Overall, I’d like to look at this event as a celebration. It’s a celebration of a community that has suffered and been sidelined for too long, and it’s a celebration of Manchester. I’ve seen first-hand how Grande, an honorary citizen of Manchester, helped to bring people together after the arena bombing. I can’t think of any Mancunian who wouldn’t be incredibly proud to have her headline such a wonderful event in our city. If this is an event that is about inclusivity, shouldn’t that be what matters? We need to look at what divides us and find a way to close that gap, and this event is doing that regardless of the sexuality of the headline act.
Whilst I appreciate Ariana Grande’s personal connection to Manchester and significance of her performing there, is the performance of a cisgendered, heterosexual singer appropriate at an LGBT+ event?
“Pride began as a protest, but the increasing commercialisation of Pride has commodified this event”
The backlash to her announcement as headline act is surely a sign of how overly commercialised Pride has become, of which members of the LGBT+ community have every right to be upset about. After all, Pride began as a protest, but the increasing commercialisation of Pride has commodified this event into a source of profit. Generations of political protest and activism have allowed us to even celebrate Pride so openly in the present day, and in many countries globally this is still not possible.
That is not to say that cisgendered and/or heterosexual allies cannot be involved in Pride, but must be conscious of the oppression experienced by members of the LGBT community and how long it has taken for legal changes etc. Therefore having heterosexual and cisgender headline acts is highly problematic as signals a lack of understanding by organisations.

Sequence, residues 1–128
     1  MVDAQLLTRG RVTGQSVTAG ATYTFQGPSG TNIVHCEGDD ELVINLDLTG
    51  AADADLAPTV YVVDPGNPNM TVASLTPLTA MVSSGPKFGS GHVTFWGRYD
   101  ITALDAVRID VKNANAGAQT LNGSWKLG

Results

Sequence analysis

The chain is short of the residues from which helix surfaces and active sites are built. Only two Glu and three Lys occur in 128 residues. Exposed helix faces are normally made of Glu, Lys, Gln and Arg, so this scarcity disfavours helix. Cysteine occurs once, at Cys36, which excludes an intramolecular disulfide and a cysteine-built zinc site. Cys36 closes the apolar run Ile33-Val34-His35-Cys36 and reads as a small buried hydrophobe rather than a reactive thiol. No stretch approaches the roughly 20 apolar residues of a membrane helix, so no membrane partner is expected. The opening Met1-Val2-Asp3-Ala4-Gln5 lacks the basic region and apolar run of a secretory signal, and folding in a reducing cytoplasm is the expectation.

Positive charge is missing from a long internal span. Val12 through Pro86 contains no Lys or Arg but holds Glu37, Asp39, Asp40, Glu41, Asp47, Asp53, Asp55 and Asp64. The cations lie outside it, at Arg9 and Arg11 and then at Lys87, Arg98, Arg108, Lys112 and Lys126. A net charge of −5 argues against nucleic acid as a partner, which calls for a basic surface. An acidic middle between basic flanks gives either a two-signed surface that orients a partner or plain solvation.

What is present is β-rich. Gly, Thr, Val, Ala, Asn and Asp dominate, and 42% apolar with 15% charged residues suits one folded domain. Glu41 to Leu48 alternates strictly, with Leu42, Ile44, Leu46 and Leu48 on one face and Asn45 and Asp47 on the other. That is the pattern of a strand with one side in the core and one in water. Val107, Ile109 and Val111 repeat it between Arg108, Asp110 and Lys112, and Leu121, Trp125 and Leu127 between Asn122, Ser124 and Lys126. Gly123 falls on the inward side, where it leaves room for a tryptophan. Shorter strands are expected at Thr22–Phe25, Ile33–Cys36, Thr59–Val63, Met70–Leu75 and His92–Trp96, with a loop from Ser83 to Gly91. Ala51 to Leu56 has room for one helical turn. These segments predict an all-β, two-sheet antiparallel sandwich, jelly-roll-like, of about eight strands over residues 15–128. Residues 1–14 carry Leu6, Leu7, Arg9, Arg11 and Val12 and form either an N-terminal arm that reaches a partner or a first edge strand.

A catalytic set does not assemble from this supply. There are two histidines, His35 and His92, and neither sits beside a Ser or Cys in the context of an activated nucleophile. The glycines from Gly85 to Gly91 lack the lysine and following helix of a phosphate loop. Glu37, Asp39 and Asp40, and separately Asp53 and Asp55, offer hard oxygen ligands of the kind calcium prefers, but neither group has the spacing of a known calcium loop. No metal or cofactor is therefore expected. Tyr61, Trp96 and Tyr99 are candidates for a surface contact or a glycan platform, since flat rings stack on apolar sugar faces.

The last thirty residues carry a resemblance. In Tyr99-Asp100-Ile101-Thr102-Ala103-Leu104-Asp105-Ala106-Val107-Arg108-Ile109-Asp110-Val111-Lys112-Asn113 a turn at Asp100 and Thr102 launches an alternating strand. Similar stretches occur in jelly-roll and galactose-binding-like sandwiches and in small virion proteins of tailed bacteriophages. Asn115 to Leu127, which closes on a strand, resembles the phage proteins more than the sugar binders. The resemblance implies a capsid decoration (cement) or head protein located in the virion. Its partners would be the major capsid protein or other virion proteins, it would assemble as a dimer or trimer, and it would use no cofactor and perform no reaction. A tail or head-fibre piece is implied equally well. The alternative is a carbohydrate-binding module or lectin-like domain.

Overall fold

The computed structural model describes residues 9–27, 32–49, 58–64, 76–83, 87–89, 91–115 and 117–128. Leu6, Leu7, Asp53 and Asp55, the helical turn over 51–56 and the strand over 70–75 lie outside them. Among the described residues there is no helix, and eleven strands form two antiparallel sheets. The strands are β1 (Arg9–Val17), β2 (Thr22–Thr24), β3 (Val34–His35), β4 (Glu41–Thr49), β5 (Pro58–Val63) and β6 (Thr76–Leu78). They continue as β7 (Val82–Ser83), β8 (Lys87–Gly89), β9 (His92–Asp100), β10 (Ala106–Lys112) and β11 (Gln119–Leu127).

“Would it not be better to offer such headline acts to lesser known musical acts within the LGBT community?”
In a statement on Twitter, Ariana Grande notes other high profile, heterosexual and cisgendered singers who have previously performed at Pride, yet this is indicative of how Pride is viewed as an opportunity for profit through high profile acts. Last year, Brighton Pride, one of England’s largest Pride events, was headlined by Britney Spears. Such high profile acts attract casual fans in search of cheap tickets, who otherwise may have no interest in attending Pride. Would it not be better to offer such headline acts to lesser known musical acts within the LGBT community?
Equally, this risks Pride no longer being a safe space, as some attendants may not support LGBT rights and simply be after tickets. Likewise, even if the tickets are cheaper than a regular concert, there is still a price hike which affects the LGBT community the most, with Pride originally intended for their benefit. For instance, prices for Manchester Pride have almost trebled in price, increasing from £30 to £71.
Ariana Grande is also scheduled to headline this year’s Coachella festival in America, and the owner of which is known for funding anti-LGBT groups. Last month NME reported that two transgender attendees of Coachella allege that they were denied across to toilets corresponding to their gender identity. This indicates a lack of interest within the music and festival industries in meeting the needs of a community they claim to provide entertainment for.
Sources used (price increase of tickets) available here.
Featured Image courtesy of torbakhopper via Flickr.
Image use licence here.